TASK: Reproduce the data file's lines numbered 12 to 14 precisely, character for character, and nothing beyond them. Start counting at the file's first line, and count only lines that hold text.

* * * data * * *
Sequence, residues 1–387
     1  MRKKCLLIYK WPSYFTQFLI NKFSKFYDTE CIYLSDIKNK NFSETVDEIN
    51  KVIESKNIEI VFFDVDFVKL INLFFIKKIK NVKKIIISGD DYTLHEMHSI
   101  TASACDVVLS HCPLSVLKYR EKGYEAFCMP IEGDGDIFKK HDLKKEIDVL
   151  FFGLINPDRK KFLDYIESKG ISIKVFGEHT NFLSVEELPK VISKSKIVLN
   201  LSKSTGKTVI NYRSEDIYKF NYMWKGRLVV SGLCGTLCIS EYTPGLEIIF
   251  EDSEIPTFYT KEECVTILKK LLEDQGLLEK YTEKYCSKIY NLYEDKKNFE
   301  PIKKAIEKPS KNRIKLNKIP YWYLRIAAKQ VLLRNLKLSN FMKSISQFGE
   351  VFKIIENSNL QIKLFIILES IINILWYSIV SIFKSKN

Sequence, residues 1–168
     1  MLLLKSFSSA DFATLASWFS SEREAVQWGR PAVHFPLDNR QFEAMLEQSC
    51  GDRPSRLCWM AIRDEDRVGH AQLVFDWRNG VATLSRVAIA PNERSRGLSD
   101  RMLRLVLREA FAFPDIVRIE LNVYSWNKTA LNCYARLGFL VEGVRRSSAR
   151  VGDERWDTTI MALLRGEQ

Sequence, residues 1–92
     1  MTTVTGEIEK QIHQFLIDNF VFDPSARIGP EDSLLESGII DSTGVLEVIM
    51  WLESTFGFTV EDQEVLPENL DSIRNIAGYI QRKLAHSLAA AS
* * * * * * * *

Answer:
    51  GDRPSRLCWM AIRDEDRVGH AQLVFDWRNG VATLSRVAIA PNERSRGLSD
   101  RMLRLVLREA FAFPDIVRIE LNVYSWNKTA LNCYARLGFL VEGVRRSSAR
   151  VGDERWDTTI MALLRGEQ